The more deliberative Senate took much longer to arrange for its new postwar furnishings. With only six weeks remaining before the December 1819 convening of the 16th Congress, the Senate’s presiding officer, Vice President Daniel Tompkins, turned to the cabinetmaker the House had selected—Thomas Constantine. The vice president ordered 48 mahogany armchairs and desks as well as other furnishings for the Chamber. Constantine was paid $34 for each Senate desk, and $46 for each chair.
Constantine based his design of the Senate armchairs—today’s chairs are copies—on a sketch from an 1807 book on English furniture. His chairs reflected the influence of the then-popular French Empire and English Regency designs. Unlike the more commonplace House chairs, which he upholstered in black horsehair fabric, Constantine covered the Senate pieces in red morocco leather.
The easiest method of tracing the occupants of each desk is to read the senators’ names written inside the desk drawers. These inscriptions are a 20th-century tradition; the earliest recorded names date back only to the first decade of the 1900s. Not all the names in the drawers were personally inscribed by senators. Many reveal an identical hand, suggesting either that older drawer bottoms were replaced and the names recopied, or that staff members, rather than senators, took responsibility for chronicling certain holders. In recent decades, many senators have personally inscribed their names in the drawers.
Prior to the tradition of inscribing names in the Senate Chamber desk drawers, it is difficult to verify the desks’ 19th-century assignees. For many years Senate doorkeepers closely guarded such privileged information. Isaac Bassett, who worked in the Senate Chamber from 1831 to 1895, feared that souvenir hunters might damage the historic furniture if it was widely known which pieces were used by such famous senators as Daniel Webster, Henry Clay, or John C. Calhoun.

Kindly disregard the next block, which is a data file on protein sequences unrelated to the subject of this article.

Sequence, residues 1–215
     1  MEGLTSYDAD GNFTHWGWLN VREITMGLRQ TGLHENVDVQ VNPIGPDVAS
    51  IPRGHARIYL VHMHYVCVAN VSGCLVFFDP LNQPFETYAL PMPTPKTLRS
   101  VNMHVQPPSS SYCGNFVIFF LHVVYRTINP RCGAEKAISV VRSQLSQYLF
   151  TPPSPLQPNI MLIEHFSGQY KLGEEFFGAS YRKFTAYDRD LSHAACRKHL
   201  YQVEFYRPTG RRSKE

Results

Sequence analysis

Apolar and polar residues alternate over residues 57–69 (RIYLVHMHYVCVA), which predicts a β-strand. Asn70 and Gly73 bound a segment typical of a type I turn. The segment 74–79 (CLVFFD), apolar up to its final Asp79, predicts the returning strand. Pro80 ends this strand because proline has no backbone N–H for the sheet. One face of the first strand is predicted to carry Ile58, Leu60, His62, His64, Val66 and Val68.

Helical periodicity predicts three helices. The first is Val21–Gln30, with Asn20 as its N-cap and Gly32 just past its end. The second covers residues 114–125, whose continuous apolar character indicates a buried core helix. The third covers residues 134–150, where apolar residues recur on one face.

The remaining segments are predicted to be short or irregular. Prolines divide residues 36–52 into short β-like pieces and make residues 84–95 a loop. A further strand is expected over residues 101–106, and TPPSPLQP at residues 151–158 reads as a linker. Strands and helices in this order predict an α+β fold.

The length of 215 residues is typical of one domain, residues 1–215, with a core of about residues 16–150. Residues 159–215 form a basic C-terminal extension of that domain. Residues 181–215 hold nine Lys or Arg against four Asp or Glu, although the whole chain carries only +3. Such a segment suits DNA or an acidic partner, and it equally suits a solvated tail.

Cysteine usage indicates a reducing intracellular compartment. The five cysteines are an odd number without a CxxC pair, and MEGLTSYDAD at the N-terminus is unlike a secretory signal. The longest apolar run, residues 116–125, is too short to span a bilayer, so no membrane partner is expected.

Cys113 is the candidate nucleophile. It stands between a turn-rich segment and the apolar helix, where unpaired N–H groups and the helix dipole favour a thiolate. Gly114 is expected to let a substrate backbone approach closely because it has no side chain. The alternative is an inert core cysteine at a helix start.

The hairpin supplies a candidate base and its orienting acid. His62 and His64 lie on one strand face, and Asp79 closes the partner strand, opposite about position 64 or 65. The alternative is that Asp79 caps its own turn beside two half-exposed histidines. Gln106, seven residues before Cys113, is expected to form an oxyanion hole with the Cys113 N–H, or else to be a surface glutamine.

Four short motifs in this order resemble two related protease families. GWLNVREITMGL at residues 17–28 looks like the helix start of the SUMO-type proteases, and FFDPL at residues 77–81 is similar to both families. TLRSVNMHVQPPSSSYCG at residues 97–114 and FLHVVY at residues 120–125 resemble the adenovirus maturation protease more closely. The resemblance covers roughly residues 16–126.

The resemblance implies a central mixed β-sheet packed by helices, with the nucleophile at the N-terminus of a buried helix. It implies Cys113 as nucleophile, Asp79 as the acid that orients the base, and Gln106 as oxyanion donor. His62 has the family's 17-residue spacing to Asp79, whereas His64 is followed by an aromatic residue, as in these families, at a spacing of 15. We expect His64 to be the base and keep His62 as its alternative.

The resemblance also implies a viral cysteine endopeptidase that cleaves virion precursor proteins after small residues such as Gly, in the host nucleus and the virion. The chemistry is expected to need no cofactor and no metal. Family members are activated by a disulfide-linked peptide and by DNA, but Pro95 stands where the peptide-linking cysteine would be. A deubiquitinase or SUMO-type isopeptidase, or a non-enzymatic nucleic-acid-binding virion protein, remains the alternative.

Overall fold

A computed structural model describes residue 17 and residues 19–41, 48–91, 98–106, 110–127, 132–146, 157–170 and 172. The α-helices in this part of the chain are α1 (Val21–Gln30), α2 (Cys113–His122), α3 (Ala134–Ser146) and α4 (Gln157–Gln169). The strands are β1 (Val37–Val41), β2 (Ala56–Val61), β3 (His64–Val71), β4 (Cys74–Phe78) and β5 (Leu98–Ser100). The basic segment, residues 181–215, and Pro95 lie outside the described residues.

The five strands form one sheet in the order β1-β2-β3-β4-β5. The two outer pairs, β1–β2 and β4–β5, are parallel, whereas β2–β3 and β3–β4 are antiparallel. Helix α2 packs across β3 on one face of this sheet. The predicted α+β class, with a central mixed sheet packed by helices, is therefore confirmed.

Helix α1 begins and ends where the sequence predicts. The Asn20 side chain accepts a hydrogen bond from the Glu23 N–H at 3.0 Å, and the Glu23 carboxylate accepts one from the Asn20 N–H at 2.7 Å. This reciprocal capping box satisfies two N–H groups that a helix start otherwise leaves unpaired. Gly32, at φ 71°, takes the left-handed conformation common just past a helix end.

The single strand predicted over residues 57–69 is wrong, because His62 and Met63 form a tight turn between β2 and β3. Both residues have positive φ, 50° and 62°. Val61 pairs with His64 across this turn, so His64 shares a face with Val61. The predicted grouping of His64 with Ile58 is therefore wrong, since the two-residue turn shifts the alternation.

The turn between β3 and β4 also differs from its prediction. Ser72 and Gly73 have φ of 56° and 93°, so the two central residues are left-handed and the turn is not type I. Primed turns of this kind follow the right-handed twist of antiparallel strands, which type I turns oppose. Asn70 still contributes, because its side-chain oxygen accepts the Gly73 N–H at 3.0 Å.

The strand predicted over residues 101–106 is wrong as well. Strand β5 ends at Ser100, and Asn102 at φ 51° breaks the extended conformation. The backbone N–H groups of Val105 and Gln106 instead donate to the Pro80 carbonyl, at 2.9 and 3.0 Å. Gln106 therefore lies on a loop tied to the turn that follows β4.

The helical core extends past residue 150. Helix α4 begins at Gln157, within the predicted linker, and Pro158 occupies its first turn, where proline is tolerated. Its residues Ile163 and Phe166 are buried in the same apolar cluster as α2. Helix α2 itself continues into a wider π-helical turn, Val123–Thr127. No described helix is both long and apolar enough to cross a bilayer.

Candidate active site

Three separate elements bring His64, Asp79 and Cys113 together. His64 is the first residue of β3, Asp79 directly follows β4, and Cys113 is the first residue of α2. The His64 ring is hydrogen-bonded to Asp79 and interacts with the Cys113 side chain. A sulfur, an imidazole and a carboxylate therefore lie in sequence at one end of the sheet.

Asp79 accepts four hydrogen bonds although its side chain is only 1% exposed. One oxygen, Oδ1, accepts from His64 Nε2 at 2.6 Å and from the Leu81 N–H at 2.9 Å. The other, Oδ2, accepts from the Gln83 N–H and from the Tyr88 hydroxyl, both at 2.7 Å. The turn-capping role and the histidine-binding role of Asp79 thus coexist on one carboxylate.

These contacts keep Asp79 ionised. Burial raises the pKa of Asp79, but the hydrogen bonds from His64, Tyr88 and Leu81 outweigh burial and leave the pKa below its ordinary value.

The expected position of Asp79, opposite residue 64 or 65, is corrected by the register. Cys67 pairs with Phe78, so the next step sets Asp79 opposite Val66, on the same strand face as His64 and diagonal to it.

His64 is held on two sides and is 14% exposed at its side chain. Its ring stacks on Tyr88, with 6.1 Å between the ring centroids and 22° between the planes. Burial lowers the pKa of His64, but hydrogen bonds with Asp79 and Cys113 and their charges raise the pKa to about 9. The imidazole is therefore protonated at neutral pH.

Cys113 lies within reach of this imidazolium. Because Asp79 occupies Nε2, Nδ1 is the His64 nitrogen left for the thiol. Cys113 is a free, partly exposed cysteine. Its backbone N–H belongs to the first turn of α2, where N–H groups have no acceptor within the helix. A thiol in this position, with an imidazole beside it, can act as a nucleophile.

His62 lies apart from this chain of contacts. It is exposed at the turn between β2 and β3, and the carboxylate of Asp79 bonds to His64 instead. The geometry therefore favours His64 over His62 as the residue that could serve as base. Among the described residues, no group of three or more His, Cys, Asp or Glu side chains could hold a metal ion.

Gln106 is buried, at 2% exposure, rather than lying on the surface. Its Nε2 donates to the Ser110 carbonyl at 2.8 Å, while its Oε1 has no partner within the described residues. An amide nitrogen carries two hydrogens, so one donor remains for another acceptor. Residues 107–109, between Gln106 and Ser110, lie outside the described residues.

The climactic scene of the classic 1939 film Mr. Smith Goes to Washington features Jefferson Smith, played by Jimmy Stewart, delivering an impassioned filibuster in the Senate Chamber. Because director Frank Capra was not permitted to film in the Chamber, he ordered the construction of a replica of the Chamber, complete with an entire set of reproduction Chamber desks fabricated by the Angelus Furniture Manufacturing Co. of Los Angeles. Director Otto Preminger brought Capra’s original set out of storage for use in his own 1962 film about the Senate, Advise and Consent, based on Allen Drury’s Pulitzer Prize–winning novel.
Although the Angelus Company duplicated many of the details of the historic Senate Chamber desks, a false writing top, rudimentary cast-iron ventilation grilles, and the absence of inkwells and pounce bottles are vital clues that these desks were created as movie props.
When British troops set fire to the Capitol in 1814, the Senate Chamber was extensively damaged and its furnishings destroyed. As part of the reconstruction effort, the Senate commissioned New York cabinetmaker Thomas Constantine to build 48 desks and chairs for its members. Completed in time for the reopening of the Chamber in 1819, Constantine’s chairs bore a close resemblance to a neoclassical design published by Thomas Hope in his Household Furniture and Interior Decoration (London, 1807).
As states were added to the Union, additional desks and chairs were produced by a variety of cabinetmakers to meet the demands of increased Senate membership. While all of the desks are still in use, sometime in the late 19th century the chairs were gradually removed. Only three of the original 1819 chairs have been located to date–two in private collections and one in the Senate Collection. A fourth chair, property of "Beauvoir," the historic post–Civil War home and library of Jefferson Davis in Biloxi, Mississippi, was destroyed in 2005 by Hurricane Katrina. Only a brass caster was found among the debris.
Today’s Senate Chamber chairs are made in the Senate Sergeant at Arms Cabinet Shop and are of a modified Thomas Constantine design. They are somewhat smaller and less intricately carved than those built in 1819. Senators are permitted to purchase their chairs upon leaving office, and replacement chairs are made after each election.